Wisconsin Death Trip

When Zippy and I lived in Anchorage, we took a black and white photography class at UAA. Our instructor (hey, Bob!), learned I was originally from Wisconsin and asked if I’d ever read WISCONSIN DEATH TRIP. I had not. But I filed the title away in the dim recesses of my brain until a couple weeks ago when I came across the book while doing research.

Wisconsin Death Trip cover

From Wikipedia: “[Wisconsin Death Trip by Michael Lesy] is based on a collection of late 19th century photographs by Jackson County, Wisconsin photographer Charles Van Schaick, mostly in the city of Black River Falls, and local news reports from the same period. It emphasizes the harsh aspects of Midwestern rural life under the pressures of crime, disease, mental illness, and urbanization.”

This book dispels any notions about “the good old days,” with its pages of matter-of-fact newspaper accounts of death and insanity. It boggles the mind to contemplate living in that time and place, and the grim expressions in the photographs make me ache for everything those people endured. It’s not easy to read, yet the book is incredibly compelling; I feel almost obligated to finish it as a sort of tribute to them and their monumentally difficult lives. (One newspaper excerpt mentioned the small town where I grew up. A grave was excavated — the article didn’t say why — and when the coffin was opened, it was discovered the woman had shifted position inside because she’d been accidentally buried alive. As if life above ground wasn’t horrible enough during that time . . .)

What’s the takeaway from all this? I’m very grateful I did not live in Wisconsin in the late 1800s because I’m quite sure there’d be a notice in the newspaper about my admittance to the state psychiatric hospital. Unless I took the attitude of Mary “The Window Smasher” Sweeny, and broke plate glass windows wherever and whenever I had the chance.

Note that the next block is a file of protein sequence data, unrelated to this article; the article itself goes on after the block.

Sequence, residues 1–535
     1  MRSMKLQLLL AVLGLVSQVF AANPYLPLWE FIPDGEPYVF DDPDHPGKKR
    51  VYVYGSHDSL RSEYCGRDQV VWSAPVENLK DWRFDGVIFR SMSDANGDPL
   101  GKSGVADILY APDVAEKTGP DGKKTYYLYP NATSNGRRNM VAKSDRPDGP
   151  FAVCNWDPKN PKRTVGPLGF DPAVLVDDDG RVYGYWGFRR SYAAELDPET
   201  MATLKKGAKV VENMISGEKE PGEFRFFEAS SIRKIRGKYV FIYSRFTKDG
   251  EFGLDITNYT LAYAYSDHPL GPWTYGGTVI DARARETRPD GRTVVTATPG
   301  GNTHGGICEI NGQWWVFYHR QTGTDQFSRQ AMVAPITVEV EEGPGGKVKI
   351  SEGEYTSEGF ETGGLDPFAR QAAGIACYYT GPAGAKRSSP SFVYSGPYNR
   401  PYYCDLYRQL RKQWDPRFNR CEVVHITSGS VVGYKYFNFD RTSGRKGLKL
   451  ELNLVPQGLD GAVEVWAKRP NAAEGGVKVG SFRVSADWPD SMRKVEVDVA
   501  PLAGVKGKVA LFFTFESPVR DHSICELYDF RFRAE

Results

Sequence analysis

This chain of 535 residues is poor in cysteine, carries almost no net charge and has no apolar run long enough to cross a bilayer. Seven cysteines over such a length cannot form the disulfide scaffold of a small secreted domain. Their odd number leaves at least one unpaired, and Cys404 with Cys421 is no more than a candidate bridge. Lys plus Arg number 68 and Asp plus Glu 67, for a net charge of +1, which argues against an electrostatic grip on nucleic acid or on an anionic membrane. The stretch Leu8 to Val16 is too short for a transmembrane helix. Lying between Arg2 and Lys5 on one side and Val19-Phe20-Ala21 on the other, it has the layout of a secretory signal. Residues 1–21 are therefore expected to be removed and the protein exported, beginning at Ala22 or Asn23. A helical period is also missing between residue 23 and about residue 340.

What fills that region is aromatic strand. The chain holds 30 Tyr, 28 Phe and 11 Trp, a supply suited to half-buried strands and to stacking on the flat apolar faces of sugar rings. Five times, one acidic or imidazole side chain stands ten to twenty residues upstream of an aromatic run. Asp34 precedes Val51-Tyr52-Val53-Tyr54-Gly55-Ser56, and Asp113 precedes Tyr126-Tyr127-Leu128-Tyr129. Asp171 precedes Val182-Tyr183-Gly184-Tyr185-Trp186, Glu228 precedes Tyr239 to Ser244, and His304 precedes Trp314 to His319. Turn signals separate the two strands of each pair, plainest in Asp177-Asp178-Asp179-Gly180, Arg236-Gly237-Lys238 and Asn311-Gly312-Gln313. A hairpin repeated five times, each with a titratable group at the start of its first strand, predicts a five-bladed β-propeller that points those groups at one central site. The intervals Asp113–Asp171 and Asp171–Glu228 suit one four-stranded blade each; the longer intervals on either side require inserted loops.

In light of all I’ve read about life back then, smashing glass seems like a relatively healthy coping mechanism.


6 thoughts on “Wisconsin Death Trip

    • I’m reading the end pages now that lay out the stats regarding population, economics, mental health, infectious diseases, etc., and it was really so brutal at that point in time. And to be buried alive after all that? Unbelievably tragic.

      I’m going to cleanse my emotional palate by reading something light and fluffy.


  1. I’ve never believed that the good old days were so good–but on the other hand, newspapers have always reported the worst, most extreme news.
    WISCONSIN DEATH TRIP is a heckuva title, though.


    • I’m with you on the myth of the “good old days,” but don’t think this is a case of the newspapers reporting the worst, most extreme news. This is a case of horrifyingly sad stuff getting reported in a matter-of-fact manner. That’s what really blows my mind about all this; those situations and conditions were the facts of life back then. Over and over again.


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